It will be a delicate balancing act for Mr Maliki
Iraqi Prime Minister Nouri Maliki has not unveiled his new cabinet, which was expected on Monday, amid ongoing disputes among Iraq's rival factions.
It is the latest setback in efforts to form a unity government in Iraq, nine months after parliamentary elections.
Up to half the ministerial posts were undecided, as party leaders wrangled over allocations, officials said.
It is not clear when parliament will vote on the cabinet list, but the constitutional deadline is Saturday.
There are 37 posts in all, and dividing up portfolios among Iraq's diverse and often mutually antagonistic factions has been the focus of the past month's political wrangling.
Mr Maliki had been expected on Monday to name his entire cabinet, except for three sensitive posts linked to national security, but parliament was adjourned without receiving any list.
Iraq government deadlock
March: Elections give two-seat lead to former PM Iyad Allawi - not enough to form a government
June: Parliament meets for 20 minutes, MPs sworn in but delay formal return to work to give time for coalition talks
August: Iraq's Supreme Court orders parliament to re-convene
November: Power-sharing deal agreed. Shia bloc to get premiership, Sunnis to get speaker plus new role for Mr Allawi. Kurds keep presidency.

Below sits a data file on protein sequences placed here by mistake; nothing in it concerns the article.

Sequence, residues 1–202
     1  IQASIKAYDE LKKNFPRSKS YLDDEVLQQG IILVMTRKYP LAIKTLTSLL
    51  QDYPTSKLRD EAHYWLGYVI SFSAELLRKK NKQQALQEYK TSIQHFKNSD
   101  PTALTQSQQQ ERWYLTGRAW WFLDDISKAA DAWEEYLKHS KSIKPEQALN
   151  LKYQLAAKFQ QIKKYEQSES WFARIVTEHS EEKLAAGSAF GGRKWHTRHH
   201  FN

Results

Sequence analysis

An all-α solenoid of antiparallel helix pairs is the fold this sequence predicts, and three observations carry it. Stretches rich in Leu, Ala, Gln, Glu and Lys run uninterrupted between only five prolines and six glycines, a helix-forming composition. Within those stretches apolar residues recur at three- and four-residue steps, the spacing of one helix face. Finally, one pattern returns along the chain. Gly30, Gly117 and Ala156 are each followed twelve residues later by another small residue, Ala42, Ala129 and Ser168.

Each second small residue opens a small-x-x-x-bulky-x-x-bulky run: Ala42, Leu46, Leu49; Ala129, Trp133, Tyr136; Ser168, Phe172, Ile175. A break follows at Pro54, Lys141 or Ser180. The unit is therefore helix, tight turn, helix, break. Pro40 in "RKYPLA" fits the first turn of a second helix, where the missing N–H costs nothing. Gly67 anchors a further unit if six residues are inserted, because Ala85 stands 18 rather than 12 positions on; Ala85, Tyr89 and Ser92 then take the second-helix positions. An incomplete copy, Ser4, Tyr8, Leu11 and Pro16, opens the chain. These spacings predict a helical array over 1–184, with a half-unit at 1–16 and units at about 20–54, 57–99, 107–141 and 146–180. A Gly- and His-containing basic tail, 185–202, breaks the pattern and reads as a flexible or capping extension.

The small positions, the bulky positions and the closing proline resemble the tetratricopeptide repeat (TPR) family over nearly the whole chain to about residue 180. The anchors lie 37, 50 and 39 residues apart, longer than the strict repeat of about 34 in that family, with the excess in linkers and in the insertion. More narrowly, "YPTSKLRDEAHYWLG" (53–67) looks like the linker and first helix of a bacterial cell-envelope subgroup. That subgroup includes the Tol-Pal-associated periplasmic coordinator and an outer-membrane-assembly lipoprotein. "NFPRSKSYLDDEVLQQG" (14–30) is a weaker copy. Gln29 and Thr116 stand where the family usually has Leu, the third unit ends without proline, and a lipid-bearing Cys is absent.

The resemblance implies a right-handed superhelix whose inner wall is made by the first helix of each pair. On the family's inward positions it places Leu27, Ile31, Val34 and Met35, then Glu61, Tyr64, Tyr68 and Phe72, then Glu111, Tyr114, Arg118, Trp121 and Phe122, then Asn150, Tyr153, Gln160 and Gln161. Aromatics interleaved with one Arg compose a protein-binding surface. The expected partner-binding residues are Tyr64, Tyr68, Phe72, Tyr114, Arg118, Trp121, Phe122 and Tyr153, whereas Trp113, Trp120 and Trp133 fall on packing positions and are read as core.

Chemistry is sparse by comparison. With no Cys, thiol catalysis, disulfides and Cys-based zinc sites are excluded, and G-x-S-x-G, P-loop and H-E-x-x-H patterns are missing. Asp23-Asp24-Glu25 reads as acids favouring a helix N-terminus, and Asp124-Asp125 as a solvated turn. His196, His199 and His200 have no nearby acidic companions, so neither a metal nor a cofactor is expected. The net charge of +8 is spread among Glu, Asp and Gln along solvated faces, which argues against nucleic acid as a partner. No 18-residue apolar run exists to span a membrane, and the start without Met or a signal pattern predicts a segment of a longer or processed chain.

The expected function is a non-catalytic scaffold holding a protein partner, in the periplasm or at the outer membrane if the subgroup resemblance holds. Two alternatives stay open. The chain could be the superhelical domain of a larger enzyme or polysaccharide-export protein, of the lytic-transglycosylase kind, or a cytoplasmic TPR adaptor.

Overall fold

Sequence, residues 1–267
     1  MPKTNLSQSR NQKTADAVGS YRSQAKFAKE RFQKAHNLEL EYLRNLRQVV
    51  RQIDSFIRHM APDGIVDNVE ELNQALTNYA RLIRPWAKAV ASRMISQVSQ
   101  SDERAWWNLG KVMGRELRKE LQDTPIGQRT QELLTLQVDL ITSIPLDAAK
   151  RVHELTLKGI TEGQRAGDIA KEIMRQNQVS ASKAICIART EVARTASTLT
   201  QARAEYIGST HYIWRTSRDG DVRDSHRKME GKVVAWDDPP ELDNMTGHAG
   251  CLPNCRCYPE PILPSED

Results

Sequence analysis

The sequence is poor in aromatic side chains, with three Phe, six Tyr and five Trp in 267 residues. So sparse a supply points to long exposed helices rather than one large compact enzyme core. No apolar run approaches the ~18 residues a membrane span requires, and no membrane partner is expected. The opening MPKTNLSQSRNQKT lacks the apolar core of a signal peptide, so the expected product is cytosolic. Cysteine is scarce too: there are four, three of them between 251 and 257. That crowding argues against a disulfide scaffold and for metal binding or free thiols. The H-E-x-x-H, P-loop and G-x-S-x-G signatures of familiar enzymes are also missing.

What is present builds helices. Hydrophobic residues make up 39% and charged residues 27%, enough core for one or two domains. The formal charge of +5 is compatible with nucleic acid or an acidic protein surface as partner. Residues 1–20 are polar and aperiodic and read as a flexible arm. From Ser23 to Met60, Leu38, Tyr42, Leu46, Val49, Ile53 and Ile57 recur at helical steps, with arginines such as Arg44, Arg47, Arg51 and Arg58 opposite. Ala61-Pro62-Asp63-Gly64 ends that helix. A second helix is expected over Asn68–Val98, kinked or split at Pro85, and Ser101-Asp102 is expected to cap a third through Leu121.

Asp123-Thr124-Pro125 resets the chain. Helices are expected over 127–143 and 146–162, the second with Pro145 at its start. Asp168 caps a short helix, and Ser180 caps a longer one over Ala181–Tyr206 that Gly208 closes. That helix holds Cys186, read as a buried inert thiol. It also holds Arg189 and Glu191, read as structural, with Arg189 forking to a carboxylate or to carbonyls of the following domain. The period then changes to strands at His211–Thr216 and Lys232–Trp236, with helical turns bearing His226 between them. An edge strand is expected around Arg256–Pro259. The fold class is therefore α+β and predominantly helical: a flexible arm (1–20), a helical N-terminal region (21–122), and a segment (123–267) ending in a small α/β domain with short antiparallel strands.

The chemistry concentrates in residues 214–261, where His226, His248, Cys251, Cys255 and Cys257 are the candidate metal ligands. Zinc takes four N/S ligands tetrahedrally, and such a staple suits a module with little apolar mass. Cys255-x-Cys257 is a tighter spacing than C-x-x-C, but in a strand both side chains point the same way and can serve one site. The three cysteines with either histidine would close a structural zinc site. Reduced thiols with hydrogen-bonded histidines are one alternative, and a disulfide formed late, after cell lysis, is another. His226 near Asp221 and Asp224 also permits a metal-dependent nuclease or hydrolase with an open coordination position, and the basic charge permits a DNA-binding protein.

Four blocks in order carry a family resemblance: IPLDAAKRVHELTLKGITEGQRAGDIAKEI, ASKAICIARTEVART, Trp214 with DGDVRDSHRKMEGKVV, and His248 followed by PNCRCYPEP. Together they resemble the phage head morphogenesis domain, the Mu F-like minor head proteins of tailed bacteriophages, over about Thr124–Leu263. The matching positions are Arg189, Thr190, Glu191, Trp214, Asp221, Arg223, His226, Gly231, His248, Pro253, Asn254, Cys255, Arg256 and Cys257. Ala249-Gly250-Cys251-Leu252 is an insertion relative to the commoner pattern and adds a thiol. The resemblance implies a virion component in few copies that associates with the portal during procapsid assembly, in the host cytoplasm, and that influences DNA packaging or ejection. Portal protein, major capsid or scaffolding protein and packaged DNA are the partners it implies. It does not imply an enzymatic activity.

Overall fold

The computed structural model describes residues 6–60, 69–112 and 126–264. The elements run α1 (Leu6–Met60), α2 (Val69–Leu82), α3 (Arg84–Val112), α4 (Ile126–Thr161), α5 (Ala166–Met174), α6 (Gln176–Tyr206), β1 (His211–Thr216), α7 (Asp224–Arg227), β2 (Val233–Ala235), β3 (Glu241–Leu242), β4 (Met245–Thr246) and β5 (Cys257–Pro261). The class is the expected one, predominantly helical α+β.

Iraq's great balancing act
Profile: Nouri al-Maliki
The new cabinet is expected to include all the major factions, including the Kurds, Shia and Sunni Arabs.
The speaker of parliament, Osama al-Nujaifi, said a vote could come as soon as Tuesday.
But other lawmakers have vowed to reject any vote on a partial list, saying they will wait until the full cabinet is finalised and the horse-trading over.
It will be a delicate balancing act for Mr Maliki, who has to reconcile various Shia groups, as well as the Sunnis and the Kurds, to put together government of national unity that has at least a chance of being able to work together, says the BBC's Gabriel Gatehouse in Baghdad.
But the real test of this coalition will come when these newly-appointed ministers get down to work, and start to tackle the country's many problems - from neglected and crumbling infrastructure to continuing violence and instability, our correspondent says.